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            16 / 08 / 16

            How to create meaningful images in the age of Instagram

            • Tim Parker, Director at Flamingo London shares some of the tips of what he's learnt over the years of taking photos across the globe.

              What makes for a good picture doesn’t always make for an interesting one. Photography relates to a wider set of themes playing out in contemporary culture and, at heart, it’s about how we view and value experiences. Do you prize intensity or subtlety? Something bite-sized or substantial? Are you focused on superficial impact or engaging interest?

              We live in the age of instant grafitifcation, fast everything and unlimited choice, but there is an increasing yearning for something more profound, built on anticipation and reflection.

              In photographic terms, Instagram and the like promote images that instantly appeal on a small screen. We are led to valuing styles that are all about impact – bright, oversaturated, pin sharp, generically pleasing filters. Such photography is a very modern phenomenon, built to stand out from the colourful clutter, be consumed in seconds, gain a cheaply given like and be discarded for the next shiny shot that catches our attention.

              While such images provide a small hit of pleasure, the satisfaction we feel is short lived. They become the equivalent of the Pringles front loaded flavour hit: intense but quickly unsatisfying, urging us to consume another. And we move on to the next because we have no reason to savour what we have.

              As we become accustomed to instant visual gratification, the worry is that we lose the ability to appreciate and derive satisfaction from experiences that require a bit more commitment, that are subtle and multi-layered, rewarding effort by offering something deeper, more nuanced and ultimately more meaningful. Here are six ways to create more meaningful images.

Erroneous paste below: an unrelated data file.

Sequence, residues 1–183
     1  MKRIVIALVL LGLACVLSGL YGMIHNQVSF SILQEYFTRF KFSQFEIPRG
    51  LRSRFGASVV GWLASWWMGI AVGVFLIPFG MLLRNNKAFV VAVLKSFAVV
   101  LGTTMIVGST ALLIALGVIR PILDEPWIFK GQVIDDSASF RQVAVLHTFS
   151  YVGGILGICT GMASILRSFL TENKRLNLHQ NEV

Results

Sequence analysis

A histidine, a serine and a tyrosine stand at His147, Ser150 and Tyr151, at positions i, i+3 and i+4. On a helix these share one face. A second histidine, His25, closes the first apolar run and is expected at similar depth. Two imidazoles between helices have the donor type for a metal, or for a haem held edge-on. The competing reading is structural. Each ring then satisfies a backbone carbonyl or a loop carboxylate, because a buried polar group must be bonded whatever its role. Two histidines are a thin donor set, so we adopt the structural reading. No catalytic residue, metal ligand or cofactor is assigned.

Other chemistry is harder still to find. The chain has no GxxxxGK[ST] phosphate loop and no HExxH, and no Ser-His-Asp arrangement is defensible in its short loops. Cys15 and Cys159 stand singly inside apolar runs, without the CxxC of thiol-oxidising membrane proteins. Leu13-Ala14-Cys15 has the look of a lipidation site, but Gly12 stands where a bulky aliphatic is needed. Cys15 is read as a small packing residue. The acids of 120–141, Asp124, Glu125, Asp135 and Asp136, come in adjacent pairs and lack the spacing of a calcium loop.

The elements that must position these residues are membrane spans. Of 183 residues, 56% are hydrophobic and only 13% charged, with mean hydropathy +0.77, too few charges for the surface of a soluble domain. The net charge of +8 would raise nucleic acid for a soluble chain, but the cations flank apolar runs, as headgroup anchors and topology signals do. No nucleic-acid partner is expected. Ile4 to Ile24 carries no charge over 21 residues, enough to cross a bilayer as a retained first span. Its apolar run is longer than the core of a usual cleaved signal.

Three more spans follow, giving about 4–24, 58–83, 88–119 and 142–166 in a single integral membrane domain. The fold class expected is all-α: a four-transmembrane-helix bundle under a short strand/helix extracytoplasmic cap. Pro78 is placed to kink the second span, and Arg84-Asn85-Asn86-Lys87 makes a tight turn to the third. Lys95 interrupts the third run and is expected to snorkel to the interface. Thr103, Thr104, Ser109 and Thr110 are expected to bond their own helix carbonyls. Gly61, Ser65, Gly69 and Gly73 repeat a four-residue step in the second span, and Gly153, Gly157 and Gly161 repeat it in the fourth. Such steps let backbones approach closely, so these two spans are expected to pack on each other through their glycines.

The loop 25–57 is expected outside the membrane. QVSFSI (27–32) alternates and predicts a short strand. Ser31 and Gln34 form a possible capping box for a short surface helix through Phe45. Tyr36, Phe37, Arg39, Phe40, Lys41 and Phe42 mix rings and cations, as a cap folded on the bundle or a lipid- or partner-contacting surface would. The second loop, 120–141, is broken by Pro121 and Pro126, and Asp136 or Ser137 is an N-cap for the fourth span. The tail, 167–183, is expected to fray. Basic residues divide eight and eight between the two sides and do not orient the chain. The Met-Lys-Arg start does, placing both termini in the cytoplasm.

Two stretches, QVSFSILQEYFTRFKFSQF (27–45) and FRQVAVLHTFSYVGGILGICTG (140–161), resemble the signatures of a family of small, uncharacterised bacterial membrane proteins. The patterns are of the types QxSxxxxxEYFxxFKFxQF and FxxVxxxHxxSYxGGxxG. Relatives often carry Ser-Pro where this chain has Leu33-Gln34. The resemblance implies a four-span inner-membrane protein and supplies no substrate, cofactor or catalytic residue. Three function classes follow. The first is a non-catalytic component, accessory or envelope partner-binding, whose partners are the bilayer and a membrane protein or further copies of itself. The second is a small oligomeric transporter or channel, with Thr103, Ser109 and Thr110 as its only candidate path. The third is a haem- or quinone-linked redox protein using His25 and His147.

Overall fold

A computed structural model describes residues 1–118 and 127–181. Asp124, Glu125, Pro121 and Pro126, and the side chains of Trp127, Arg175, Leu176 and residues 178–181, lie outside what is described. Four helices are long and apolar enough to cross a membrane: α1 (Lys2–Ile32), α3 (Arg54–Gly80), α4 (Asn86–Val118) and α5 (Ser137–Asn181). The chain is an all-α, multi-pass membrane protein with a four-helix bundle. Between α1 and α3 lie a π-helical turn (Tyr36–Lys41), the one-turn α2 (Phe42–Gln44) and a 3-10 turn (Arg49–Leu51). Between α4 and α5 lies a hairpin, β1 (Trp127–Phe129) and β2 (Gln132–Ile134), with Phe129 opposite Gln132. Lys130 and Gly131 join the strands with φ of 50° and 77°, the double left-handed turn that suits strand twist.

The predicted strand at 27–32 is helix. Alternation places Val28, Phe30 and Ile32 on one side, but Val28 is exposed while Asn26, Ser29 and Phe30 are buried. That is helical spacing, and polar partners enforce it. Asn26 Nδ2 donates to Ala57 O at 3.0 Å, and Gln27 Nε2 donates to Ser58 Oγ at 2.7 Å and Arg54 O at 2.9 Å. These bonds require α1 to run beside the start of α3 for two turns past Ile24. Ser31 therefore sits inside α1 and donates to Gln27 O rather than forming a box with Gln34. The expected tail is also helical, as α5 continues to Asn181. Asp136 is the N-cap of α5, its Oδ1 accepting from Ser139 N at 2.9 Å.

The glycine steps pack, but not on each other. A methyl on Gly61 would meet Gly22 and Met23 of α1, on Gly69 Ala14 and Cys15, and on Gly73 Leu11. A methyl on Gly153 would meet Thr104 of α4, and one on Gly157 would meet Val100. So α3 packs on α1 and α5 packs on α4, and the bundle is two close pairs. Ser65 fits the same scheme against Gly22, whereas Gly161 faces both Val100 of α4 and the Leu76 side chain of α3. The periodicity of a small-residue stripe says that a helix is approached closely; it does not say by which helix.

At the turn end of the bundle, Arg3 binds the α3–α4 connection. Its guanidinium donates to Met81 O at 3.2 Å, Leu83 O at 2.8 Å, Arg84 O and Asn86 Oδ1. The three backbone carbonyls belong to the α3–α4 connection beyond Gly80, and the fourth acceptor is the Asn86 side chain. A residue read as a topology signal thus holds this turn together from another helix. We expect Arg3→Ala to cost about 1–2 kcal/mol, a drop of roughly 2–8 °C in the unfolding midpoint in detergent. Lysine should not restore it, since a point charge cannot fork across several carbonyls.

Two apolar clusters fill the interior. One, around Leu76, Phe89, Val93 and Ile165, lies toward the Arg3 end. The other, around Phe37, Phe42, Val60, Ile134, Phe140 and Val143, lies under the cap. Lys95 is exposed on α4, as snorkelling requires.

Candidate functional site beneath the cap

• 1. Look at light not objects

              Taking interesting pictures is about seeing beyond the obvious. It’s about ignoring objects in favour of seeing light: textures, shadows, tones, colours.

            • 2. Hunt for the lines

              Be guided by compositional lines, create them by moving around, forging connections and new thoughts where before there were none. The photo to the left could be seen as making a point about the new harmoniously co-existing with the old.

            • 3. Change your perspective

              Capturing what we see from our regular position – standing up and looking ahead – can make for boring photos. Try looking at the world differently. Look down, up, get on your knees, get closer; you’ll be amazed at how different the world looks. The photo to the left is Leicester Square in the rain, reflected by the puddles on the ground.

            • 4. Tell a story

              More than pretty, Interesting pictures tell a story. They have depth, meaning and a point that makes you think. They are rewarding – the more you look at them the more you get out of them. So be guided by curiosity, and have your own point of view. This picture could be a commentary on urban living: people packed together but isolated, everyone in their own little island of individuality.

            • 5. Do something uncomfortable

              The familiar and comfortable rarely make for thrilling pictures. It helps to be in a situation where you feel something – absorbed, awed, on edge. So force variation in what you shoot, how, when and where. Wander off the beaten track, get lost and follow serendipity. Ultimately, get out of your comfort zone. If you’re uncomfortable taking pictures of strangers, force yourself to do so.

            • 6. Break the rules (sometimes)

              Compositional rules make for technically correct pictures. But often images that conform to rules have an element of non-conformity. For interesting pictures, try breaking those rules. The picture to the left is part out of focus, cut by the frame and breaks the rule of thirds – and it’s all the more interesting for it.

            • In sum

              Go out, shoot, have fun. Enjoy the simplicity and ease of a good picture, but don’t lose the ability to appreciate the deeper satisfaction in capturing an interesting shot.

              Article by Tim Parker